There is also a proven way of using just 5 litres for a bath, and it requires three things. A 1-litre jug, a 5-litre bucket and a large bucket to stand in.
Many Capetonians are worried about the threat of communicable diseases when the water runs out.
As yet, the City of Cape Town has not replied to questions we sent it about the impact water shortages are expected to have on health and hygiene. We will print their answers when we get them.
Of particular concern is how mothers of babies are expected to wash towelling nappies and see to the health and hygiene needs of infants and young children on such limited water supplies, as many cannot afford disposable nappies.
Until we reach Day Zero, one of the best grey-water collections is from your washing machine. The water can be collected by simply feeding the outlet pipe into a bath or buckets and used to flush toilets.
Here is a list of suggestions from many people, of things that can be done to help prepare us all for Day Zero:
* Stock up on bought bottled water exclusively for drinking.
* Stock up on baby wipes.
* Use dry shampoo or baby powder to prolong the time between washes.
* Use Wee Pong as a flush alternative.
* Make a solution of vinegar and water, or Sta-Soft and water, to spray your clothes with and hang up to air.
6. Use paper plates or make up a spray bottle with rinse-free dish soap and water, and wipe down the least dirty dishes with that.
7. Get water purification tablets for harvested rainwater.
8. Add Milton to water to wash vegetables. With reports of listeriosis doing the rounds, we can’t afford not to wash our fresh produce.
9. Stock up on non-perishables. Do as much meal preparation as possible while we can still wash our dishes.
10. Buy hand sanitisers (and hand cream to negate their harshness over time).
11. Use bicarb and vinegar as cleaning supplies that don’t destroy water for grey use
12. If you develop a dodgy tummy, make sure you have solutions such as: Rehydrat, Medizine, Immodium, Buscopan, probiotics and be sure to have extra toilet paper.
13. Have a sponge bath with a small bucket and sponge (or check our guide on how to use 5 litres of water – or less – below).
14. Use wet wipes or use aqueous cream to wipe yourself down.
15. Get a fire extinguisher; for obvious reasons.
16. Stock up on extra underwear (and cheap sleeping shirts).
17. If just making a wee, throw toilet paper away and not in toilet (place this in a separate lined bin that’s cleaned daily). This will stop toilet paper clogging the system and extend time between flushes with grey water.
18. Baking soda can control toilet paper odours, if throwing toilet paper away.
19. Use vinegar in the toilet and drains to help with any odours and bacteria.
20. Clean with microfibre cloths or rags as sponges become unsanitary. Hang them up immediately to prevent them smelling. You can also throw rags away.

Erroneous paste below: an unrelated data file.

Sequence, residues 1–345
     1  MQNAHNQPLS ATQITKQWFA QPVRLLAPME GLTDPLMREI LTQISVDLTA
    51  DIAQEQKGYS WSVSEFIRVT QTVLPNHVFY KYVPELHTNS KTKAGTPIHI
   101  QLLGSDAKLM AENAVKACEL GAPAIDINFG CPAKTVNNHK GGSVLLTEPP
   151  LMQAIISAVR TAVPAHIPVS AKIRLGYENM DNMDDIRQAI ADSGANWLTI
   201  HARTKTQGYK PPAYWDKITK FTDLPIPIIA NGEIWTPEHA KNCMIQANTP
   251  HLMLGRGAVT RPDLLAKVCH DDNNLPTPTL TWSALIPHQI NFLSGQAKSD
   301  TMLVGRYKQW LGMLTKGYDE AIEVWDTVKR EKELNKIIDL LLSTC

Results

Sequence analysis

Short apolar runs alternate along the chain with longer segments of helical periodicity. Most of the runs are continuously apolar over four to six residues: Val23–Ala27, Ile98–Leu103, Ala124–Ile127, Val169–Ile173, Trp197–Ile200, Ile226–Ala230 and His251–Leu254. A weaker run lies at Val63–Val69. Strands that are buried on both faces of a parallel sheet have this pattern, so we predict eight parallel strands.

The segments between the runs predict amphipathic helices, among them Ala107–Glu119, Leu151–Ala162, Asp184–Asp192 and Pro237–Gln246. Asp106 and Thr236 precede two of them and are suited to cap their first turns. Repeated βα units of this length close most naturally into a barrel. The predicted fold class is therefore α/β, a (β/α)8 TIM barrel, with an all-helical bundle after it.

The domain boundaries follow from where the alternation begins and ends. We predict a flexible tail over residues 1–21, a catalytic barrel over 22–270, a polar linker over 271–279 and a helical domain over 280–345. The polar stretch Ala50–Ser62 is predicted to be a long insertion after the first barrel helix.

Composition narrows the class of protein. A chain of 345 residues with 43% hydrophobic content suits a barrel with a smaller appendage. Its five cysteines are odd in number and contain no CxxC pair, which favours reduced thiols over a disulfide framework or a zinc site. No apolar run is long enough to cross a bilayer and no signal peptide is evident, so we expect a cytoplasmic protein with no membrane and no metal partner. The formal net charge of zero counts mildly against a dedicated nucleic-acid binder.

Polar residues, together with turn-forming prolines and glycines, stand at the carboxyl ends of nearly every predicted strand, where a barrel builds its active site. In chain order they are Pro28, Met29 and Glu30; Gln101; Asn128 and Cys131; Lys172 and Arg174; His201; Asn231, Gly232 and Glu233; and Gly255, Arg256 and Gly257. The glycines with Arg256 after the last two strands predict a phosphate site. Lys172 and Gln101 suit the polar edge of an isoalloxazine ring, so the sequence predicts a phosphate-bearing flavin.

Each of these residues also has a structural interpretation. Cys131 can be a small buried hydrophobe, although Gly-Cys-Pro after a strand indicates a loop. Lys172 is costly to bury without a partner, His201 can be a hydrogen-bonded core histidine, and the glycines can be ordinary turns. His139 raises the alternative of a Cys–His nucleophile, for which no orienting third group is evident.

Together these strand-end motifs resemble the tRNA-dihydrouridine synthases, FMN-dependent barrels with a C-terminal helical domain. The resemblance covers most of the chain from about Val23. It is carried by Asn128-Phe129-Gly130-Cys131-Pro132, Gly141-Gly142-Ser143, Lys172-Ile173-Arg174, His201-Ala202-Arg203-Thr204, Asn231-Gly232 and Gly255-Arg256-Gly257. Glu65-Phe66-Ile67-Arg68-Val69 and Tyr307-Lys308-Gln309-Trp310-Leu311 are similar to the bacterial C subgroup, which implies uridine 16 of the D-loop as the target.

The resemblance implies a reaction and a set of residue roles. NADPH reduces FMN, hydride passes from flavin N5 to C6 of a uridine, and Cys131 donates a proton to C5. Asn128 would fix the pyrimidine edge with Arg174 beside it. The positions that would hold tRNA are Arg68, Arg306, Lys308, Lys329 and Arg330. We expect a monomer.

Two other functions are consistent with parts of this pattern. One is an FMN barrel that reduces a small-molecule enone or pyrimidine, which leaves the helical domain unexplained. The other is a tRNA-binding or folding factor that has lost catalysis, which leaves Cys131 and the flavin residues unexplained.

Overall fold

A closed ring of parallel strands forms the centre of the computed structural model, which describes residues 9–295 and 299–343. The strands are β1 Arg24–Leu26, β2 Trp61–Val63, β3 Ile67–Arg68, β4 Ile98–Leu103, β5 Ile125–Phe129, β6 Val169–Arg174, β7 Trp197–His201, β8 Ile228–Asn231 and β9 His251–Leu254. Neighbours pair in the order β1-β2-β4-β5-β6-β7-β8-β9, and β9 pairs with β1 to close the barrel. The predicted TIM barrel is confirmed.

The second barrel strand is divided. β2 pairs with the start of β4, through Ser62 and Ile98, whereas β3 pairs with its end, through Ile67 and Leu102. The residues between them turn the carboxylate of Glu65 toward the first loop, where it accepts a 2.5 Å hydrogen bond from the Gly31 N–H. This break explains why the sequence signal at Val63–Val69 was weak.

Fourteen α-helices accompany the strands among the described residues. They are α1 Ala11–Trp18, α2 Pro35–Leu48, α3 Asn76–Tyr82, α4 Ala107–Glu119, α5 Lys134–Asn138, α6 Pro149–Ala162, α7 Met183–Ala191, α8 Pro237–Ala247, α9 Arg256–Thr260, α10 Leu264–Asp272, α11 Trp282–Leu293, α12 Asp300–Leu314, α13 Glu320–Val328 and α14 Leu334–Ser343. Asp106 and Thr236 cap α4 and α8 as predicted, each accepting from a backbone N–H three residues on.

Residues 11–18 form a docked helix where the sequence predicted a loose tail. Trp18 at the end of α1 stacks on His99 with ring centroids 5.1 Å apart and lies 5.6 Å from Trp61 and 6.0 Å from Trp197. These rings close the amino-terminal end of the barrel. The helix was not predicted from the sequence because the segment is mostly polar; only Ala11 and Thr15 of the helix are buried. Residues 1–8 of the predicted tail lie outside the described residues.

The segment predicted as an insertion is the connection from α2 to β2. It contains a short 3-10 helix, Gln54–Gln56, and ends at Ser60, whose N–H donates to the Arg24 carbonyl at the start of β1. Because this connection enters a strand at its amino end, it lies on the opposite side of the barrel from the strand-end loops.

21. Eat straight from the braai – no pots or pans to wash.
22. Line plates with plastic so you can peel off plastic and have clean plates. Just be careful not to eat the plastic.
23. Use apple cider vinegar to naturally deodorise your armpits between showers.
24. Wear breathable fabrics like cotton to avoid odours developing from sweat and bacteria.
25. Women can extend underwear life by wearing panty liners. Businesses which do stay open, should install hand sanitisers on the inside of toilet stalls and provide bags for sanitary products.
26. When you do have to wash plates, pans, cutlery, etc, wipe mess and dirt off with paper towel (this should always have been standard activity). Keep the used paper towels and use them as firelighters.
27. Instead of pouring water into your kitchen sink, pour into a plastic tub then you can reuse this as grey water for flushing the toilet.
28. Clean counters with disposable wipes.
29. Vinegar can also be used for wiping and cleaning, with paper towels, without having to rinse down counters.
30. Where possible, use organic or biodegradable materials to minimise environmental waste.
31 Be mindful of your plastic usage.
If soap and water are not available, use an alcohol-based hand sanitiser that contains at least 60% alcohol.
It is worth noting that alcohol-based hand sanitisers can quickly reduce the number of germs on hands in some situations, but sanitisers do not eliminate all types of germs and might not remove harmful chemicals, according to the Centres for Disease Control and Prevention in America.
The CDC says that hand sanitisers are not as effective when hands are visibly dirty or greasy, and that parents and caregivers should rather use baby wipes on children because of the toxicity of the alcohol content in hand sanitisers for babies.
One of the biggest worries for most people is how to deal with human waste. Composting toilets and pit latrines are one solu-
You can also keep a “pee bucket” and pour the contents over your compost. Believers in this say it benefits your garden.
Solid waste can be composted too, not for growing fruit or veg, but non-edible bushes, trees and plants.
Sea water is not a viable option to flush toilets, as this will corrode the whole system.